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Fishing Efficiency

Spey-O-Rama 2024


Are long casts overrated when fishing for steelhead on the swing? 

Generally, we think so. Imagine a long wide run with approximately constant depth and constant water velocity all the way across and where the steelhead are equally likely to be holding anywhere in this run. When fishing down this run on the swing, should you make long casts (e.g. 80 feet) or short casts (e.g. 60 ft)? 

In our experience, many excellent steelhead fishermen and guides would tell you that the long cast is better because you’ll cover more water. In contrast, our analysis here shows that the short cast may be better for most anglers. Not only is it easier and less physically demanding, but also you can effectively cover more water in a given amount of time.

For example, with a cast at 45 degrees that swings to hangdown (0 degrees), the water covered by the fly is roughly 1/8 of the circumference of a circle with radius equal to the length of the cast. For a 60 ft cast, this works out to 47 ft of water covered. For an 80 ft cast, it’s 63 ft of water covered. So, obviously, the 80 ft cast covers more water.

But now, let’s look at water covered per minute. Suppose that on the swing, the fly moves at 1.5 ft/sec*. Then the swing time is 47/1.5 = 31 sec for the 60 ft cast and 63/1.5 = 42 sec for the 80 ft cast. Add, say, 20 sec to both for the time it takes to step down and actually make the cast. Then add, for the 80 ft cast only, an extra, say, 10 sec for the time it takes to strip in 20 ft of running line prior to casting. Then total time is 31+20 = 51 sec for the 60 ft cast and 42+20+10=72 sec for the 80 ft cast; and the water covered per minute is 47/(51/60) = 55 ft/min for the 60 ft cast and 63/(72/60)=52 ft/min for the 80 ft cast.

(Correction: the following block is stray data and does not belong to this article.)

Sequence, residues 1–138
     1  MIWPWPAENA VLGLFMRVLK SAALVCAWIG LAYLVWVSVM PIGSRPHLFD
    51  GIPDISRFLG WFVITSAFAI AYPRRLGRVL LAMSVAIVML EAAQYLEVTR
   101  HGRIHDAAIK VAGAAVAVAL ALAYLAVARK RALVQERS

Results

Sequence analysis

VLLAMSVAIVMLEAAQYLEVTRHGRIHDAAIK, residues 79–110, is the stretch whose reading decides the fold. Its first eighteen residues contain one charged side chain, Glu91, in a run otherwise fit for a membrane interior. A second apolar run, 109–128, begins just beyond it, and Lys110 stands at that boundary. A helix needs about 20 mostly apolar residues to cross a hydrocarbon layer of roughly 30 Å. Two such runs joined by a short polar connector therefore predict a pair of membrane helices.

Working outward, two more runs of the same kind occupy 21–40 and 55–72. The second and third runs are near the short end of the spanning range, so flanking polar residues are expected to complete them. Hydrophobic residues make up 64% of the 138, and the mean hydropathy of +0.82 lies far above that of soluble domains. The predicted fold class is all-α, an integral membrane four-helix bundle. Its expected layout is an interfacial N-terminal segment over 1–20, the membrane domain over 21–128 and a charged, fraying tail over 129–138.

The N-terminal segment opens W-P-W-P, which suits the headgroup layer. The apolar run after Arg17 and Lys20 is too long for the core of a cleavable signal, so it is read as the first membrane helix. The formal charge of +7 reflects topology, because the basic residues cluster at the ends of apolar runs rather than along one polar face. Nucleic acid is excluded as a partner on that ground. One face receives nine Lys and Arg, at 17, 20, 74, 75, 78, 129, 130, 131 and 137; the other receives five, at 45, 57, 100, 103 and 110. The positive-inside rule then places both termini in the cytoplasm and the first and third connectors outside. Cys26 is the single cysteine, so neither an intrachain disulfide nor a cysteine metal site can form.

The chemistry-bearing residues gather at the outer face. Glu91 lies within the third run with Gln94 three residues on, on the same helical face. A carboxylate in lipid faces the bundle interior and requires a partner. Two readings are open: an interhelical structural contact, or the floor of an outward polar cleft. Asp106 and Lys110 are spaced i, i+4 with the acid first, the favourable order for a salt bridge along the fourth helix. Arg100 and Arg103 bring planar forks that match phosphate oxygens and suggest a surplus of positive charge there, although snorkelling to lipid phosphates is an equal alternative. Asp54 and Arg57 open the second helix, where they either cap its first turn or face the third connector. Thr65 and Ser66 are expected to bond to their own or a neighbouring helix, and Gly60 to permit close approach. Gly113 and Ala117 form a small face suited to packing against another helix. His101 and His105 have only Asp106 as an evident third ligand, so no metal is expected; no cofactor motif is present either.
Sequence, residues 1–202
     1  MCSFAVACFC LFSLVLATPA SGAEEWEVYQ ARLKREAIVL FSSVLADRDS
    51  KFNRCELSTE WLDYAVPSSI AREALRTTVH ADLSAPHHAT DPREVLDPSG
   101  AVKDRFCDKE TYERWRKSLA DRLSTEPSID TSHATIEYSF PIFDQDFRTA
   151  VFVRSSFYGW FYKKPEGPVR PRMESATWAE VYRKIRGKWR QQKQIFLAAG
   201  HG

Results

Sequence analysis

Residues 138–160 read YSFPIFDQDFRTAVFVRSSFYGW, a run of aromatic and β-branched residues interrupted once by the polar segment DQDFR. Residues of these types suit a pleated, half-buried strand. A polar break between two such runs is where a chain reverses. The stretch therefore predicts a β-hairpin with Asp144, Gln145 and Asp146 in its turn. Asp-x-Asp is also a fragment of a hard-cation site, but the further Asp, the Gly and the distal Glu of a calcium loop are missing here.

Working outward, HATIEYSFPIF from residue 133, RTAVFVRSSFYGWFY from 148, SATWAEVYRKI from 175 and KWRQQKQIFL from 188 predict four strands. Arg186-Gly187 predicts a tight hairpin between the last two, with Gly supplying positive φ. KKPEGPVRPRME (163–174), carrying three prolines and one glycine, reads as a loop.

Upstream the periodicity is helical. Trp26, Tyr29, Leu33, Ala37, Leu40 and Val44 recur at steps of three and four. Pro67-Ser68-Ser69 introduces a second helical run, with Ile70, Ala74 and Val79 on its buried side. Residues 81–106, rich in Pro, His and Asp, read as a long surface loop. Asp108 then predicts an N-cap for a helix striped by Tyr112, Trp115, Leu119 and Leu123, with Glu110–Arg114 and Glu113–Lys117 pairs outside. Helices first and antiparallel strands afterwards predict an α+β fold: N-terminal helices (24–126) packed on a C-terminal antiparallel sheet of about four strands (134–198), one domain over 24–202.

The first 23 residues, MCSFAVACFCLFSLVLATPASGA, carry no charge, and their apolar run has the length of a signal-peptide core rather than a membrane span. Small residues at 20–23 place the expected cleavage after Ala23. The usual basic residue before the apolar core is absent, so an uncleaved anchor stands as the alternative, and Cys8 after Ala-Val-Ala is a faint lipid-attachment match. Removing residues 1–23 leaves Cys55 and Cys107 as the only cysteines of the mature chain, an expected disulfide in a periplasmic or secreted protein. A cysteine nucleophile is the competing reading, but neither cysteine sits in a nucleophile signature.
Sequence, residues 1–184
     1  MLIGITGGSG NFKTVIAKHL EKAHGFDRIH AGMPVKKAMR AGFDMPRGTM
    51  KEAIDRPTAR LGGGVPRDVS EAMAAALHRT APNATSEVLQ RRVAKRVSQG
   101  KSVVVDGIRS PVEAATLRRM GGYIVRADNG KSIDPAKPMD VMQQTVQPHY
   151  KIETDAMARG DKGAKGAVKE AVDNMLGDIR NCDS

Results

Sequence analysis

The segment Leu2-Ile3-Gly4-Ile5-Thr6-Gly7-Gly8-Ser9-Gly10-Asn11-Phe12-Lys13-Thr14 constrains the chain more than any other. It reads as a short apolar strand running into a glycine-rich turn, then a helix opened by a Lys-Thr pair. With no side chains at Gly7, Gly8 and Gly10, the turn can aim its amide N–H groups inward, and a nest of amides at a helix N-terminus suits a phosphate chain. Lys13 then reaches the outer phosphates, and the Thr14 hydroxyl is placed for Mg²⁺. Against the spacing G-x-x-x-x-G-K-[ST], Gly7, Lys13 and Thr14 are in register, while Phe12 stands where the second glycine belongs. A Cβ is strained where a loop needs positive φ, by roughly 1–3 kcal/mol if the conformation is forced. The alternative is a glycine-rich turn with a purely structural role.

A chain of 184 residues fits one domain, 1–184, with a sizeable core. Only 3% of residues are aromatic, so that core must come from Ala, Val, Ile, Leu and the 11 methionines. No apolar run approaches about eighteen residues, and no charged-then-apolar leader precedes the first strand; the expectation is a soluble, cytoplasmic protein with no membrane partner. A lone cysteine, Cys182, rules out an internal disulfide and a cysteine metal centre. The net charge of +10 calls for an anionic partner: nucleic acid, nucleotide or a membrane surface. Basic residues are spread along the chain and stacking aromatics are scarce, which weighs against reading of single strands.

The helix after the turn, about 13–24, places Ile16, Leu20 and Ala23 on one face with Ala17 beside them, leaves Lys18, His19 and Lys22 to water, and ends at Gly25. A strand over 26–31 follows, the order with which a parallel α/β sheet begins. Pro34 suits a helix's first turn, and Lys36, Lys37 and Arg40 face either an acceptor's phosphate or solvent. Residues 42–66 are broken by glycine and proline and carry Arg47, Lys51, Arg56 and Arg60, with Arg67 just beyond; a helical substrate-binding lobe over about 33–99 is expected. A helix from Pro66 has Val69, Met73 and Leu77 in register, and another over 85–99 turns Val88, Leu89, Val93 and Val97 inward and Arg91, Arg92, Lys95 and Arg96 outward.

So, with such numbers which may be typical for many steelheaders, the short (60 ft cast) covers more water per minute than the long cast and results in more steelhead caught!

Bottom line: the long cast has the advantage that it covers more water per cast. But this advantage can be more than offset by its disadvantage of extra stripping time. Click the icon to download a spreadsheet that allows you to fill in your own numbers and see whether you reach the same conclusion.

Steelhead Fishing Efficiency Estimator

(Having said all this, the long cast obviously has the advantage in certain situations. These include: 1) when the steelhead are likely holding in a "bucket" far out and likely there are none nearby; and 2) when there is a wide but limited amount high-probability water and it is important to cover as much of it as possible regardless of how much time that requires.  Also, if you could cast effectively with a longer head, then you could make a longer cast with no stripping – which would be preferable to any of the above scenarios. For example, a longer head that would enable an 80 ft cast with no strpping covers 61 ft/min of water.)


* Many accomplished steelheaders and guides swing the fly at roughly half of water velocity. 1.5 ft/sec corresponds to half of 3 ft/sec (2 mph) water velocity.